How I automated the test of anki's GUI

Here is how I created automatic test for Anki's user interface. Those tricks may potentially be useful potentially for other (py)Qt project.

Automatically testing a GUI is complicated. Indeed, the method you call when you open the GUI does not return until the main window is closed. A natural idea would then be to open the main window in a Thread, and create the tests in another one. But in (py)Qt, every things related to the GUI must occur in the main thread, which make this threading idea impossible.

Another easy solution would be to write the test inside the software, and use an option, or a global variable, to tell that you want to test the software once it's opened. This would work, but it means the test code is inside the software code, which is not beautiful.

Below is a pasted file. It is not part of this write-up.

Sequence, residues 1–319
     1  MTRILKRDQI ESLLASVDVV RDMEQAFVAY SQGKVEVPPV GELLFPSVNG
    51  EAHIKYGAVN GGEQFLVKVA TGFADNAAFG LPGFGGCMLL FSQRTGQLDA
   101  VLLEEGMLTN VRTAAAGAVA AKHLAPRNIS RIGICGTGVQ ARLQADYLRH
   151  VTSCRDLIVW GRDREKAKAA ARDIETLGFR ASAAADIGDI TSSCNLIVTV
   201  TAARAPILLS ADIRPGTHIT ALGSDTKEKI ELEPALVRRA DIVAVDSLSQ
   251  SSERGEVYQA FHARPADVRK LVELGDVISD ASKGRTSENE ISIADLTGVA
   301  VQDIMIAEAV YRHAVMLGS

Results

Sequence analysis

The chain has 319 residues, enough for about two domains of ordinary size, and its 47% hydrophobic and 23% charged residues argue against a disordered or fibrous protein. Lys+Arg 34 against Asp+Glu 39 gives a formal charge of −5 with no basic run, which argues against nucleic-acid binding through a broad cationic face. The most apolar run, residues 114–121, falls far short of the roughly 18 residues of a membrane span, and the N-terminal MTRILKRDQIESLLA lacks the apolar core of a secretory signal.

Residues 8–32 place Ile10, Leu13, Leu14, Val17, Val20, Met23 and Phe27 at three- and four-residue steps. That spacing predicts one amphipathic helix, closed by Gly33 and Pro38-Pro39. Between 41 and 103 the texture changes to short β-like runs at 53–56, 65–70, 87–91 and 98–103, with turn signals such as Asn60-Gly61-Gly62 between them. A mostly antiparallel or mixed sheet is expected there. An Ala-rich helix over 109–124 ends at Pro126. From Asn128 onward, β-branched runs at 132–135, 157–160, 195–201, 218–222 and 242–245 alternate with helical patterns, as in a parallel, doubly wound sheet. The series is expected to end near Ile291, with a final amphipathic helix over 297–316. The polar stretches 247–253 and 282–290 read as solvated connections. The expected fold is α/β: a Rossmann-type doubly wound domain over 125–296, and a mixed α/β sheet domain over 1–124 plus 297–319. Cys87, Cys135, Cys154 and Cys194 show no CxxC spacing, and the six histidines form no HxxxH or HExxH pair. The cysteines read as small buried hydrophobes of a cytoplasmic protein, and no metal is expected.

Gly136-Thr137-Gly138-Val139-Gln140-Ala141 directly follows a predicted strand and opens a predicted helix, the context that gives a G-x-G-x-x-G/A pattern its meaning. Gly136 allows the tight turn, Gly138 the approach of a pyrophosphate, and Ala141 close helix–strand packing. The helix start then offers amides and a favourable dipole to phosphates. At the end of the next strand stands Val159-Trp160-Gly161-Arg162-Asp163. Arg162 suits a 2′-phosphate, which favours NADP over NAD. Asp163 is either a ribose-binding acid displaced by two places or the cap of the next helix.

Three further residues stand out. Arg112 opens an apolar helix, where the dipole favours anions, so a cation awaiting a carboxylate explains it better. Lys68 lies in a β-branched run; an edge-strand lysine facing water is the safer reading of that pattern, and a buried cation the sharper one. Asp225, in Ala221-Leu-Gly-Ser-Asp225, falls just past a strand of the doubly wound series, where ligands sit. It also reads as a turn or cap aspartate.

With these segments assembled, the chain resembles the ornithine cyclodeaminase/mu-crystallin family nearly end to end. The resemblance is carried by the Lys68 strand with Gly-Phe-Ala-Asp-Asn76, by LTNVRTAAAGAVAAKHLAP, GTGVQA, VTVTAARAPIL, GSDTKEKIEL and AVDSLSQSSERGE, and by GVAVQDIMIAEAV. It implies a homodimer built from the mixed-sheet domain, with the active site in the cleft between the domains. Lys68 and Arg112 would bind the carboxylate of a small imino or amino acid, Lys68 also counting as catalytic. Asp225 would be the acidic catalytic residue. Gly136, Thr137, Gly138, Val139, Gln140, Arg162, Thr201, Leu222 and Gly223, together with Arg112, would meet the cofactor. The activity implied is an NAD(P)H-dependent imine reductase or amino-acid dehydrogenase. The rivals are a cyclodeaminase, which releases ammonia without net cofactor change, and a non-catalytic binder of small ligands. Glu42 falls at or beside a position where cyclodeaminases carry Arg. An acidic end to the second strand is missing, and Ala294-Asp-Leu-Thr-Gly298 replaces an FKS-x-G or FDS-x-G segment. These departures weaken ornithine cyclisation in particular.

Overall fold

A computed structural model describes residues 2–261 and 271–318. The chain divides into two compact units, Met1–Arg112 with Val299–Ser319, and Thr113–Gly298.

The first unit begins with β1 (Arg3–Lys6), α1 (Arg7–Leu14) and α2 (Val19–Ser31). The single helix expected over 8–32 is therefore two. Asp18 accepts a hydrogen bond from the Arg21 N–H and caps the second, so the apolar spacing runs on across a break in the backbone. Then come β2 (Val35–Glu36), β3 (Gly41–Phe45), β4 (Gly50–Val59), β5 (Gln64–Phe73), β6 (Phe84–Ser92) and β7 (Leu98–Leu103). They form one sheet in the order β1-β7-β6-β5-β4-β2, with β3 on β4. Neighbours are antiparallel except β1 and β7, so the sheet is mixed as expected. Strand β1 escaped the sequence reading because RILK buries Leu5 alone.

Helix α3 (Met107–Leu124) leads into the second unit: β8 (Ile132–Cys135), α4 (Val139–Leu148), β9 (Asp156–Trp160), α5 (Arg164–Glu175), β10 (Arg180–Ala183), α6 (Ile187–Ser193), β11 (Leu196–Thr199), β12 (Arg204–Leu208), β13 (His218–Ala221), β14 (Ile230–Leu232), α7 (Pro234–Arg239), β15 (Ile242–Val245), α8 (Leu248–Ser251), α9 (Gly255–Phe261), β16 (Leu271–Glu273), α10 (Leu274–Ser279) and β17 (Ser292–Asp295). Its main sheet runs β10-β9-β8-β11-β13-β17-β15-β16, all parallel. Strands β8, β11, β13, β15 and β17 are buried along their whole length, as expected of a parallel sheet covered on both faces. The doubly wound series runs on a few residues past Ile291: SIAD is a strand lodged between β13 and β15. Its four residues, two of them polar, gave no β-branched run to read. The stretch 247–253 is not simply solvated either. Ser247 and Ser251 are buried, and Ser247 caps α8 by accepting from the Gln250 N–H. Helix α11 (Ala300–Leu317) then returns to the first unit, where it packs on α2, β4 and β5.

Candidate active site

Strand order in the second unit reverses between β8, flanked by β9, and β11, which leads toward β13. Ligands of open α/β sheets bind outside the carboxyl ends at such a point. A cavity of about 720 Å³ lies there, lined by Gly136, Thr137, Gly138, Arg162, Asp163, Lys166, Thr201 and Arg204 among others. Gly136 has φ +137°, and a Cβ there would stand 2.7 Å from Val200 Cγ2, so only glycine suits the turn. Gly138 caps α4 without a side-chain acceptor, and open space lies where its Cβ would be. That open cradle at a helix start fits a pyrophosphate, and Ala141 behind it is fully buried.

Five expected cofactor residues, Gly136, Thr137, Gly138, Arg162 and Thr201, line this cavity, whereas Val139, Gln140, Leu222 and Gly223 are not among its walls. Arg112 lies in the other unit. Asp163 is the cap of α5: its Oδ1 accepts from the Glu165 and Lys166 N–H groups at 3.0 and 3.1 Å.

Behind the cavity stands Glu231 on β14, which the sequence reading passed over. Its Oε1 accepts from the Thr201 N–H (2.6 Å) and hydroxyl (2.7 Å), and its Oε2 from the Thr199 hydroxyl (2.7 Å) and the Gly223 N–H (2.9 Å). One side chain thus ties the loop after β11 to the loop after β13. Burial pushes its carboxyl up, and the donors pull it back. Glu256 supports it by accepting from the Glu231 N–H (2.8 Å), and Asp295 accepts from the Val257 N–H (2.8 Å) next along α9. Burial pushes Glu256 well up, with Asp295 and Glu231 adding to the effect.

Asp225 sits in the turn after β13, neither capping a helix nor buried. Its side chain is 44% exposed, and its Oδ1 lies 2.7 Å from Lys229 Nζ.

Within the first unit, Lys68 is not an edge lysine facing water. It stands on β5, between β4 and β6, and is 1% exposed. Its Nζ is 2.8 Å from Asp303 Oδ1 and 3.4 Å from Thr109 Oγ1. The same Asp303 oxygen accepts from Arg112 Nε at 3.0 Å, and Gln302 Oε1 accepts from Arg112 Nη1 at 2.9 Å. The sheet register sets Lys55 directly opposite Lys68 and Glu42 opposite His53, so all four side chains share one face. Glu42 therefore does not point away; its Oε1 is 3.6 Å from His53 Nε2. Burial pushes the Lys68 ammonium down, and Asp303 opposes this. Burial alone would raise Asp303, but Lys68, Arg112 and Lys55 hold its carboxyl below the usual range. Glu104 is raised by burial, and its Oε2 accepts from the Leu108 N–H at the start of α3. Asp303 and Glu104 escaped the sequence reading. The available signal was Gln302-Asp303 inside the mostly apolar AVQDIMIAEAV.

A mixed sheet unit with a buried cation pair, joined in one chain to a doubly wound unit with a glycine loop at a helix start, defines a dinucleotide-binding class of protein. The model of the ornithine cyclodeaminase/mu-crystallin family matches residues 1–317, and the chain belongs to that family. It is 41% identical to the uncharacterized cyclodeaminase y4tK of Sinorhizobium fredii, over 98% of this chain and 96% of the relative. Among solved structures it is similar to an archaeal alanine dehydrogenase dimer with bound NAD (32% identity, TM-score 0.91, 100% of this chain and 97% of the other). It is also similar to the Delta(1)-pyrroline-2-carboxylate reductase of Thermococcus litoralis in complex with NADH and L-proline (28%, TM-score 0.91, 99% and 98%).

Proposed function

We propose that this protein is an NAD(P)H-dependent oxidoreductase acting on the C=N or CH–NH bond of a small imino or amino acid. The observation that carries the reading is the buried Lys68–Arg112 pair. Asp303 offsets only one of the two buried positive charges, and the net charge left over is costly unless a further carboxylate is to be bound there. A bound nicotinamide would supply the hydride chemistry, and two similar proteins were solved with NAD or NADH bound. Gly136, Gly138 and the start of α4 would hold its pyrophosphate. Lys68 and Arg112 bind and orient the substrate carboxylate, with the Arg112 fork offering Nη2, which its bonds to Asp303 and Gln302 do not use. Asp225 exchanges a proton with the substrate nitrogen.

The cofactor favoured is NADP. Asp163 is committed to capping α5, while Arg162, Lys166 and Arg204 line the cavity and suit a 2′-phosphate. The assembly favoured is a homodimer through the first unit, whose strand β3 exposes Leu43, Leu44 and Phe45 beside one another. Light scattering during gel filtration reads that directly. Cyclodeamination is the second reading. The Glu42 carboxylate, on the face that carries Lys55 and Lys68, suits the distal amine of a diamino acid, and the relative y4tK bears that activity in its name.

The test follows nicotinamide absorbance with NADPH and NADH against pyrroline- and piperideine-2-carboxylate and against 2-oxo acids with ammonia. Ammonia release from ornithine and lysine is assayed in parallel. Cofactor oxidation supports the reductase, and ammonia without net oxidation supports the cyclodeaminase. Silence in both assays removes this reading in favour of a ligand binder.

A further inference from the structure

One nice thing with anki is that it has an add-on system, which means that you can execute arbitrary code without having this code in anki. So, this is what I did. My test tells anki to start with a non-standard main folder. This folder contains a collection used for the test, and one add-on. The real tests are then in the add-on code. I thus tell the add-on to catch any exception and then to close the program with a non-zero exit code. My main test file only have to test that the execution of anki returns a 0 code.

Of course, if there is some unexpected problem, which allows windows to be opened and not to be closed, then anki will be stuck. But at least, seing anki stuck will show that there is a trouble. And an automated test system will simply fail because the test takes too much time.

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